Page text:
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Thread: Why Don't Spanish Speaking People NEVER Wanna Speak to me?

  1. #51
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    Quote Originally Posted by Chirimoya View Post
    Certain words in one language simply express a concept better. This example has been used before, but "empalagoso" to describe a food or a person is the best example I can think of. There are words in English like rich, cloying, sickly-sweet, overpowering, smarmy, oily... but none of them sum up the notion as effectively as "empalagoso". That's why, if I'm with another bilingual speaker, I might find myself saying "that person is so... empalagoso" or "this cake is too... empalagoso".

    There is also so-called alingualism in immigrant communities where acquisition of each language is incomplete: the "home" language (e.g. Spanish for Latino immigrants to the US) is not adequate for many concepts they need to express in the wider world (education, workplace, officialdom), and when out in the wider world they have not been exposed to so much of the "home" vocabulary so when discussing something domestic in English they might struggle to find the words for common household items. In an informal setting with their peers it is understandable that they sometimes switch/insert words in the other language depending on context.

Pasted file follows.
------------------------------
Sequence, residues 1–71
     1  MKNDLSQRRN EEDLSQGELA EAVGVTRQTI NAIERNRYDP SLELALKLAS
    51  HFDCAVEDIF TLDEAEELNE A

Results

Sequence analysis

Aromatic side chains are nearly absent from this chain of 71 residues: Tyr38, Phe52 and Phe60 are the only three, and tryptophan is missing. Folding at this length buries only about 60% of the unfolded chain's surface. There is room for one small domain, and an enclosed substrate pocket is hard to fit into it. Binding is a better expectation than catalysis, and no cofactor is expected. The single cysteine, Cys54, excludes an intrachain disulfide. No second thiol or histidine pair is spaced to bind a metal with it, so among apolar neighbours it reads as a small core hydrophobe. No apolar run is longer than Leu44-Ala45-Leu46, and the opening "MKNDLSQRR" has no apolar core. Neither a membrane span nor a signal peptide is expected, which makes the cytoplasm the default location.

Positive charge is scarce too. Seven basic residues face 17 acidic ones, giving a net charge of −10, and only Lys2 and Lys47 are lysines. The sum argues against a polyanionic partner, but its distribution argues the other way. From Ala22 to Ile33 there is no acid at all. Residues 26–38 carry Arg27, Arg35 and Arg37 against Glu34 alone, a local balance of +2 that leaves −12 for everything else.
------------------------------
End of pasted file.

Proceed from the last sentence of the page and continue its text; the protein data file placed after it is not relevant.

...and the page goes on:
My favorite in that category is vacuum cleaniando! It takes someone who is at least un poco bilingual to understand it, but it flies.
    Der Fish

  2. #52
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    Quote Originally Posted by GuillermoRamon View Post
    Which also leads into the fact, some words, in some languages, do not have a translation.
    Link to Twenty listicles about words that have no translation
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  3. #53
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    Quote Originally Posted by Chirimoya View Post
    There is also so-called alingualism in immigrant communities where acquisition of each language is incomplete: the "home" language (e.g. Spanish for Latino immigrants to the US) is not adequate for many concepts they need to express in the wider world (education, workplace, officialdom), and when out in the wider world they have not been exposed to so much of the "home" vocabulary so when discussing something domestic in English they might struggle to find the words for common household items. In an informal setting with their peers it is understandable that they sometimes switch/insert words in the other language depending on context.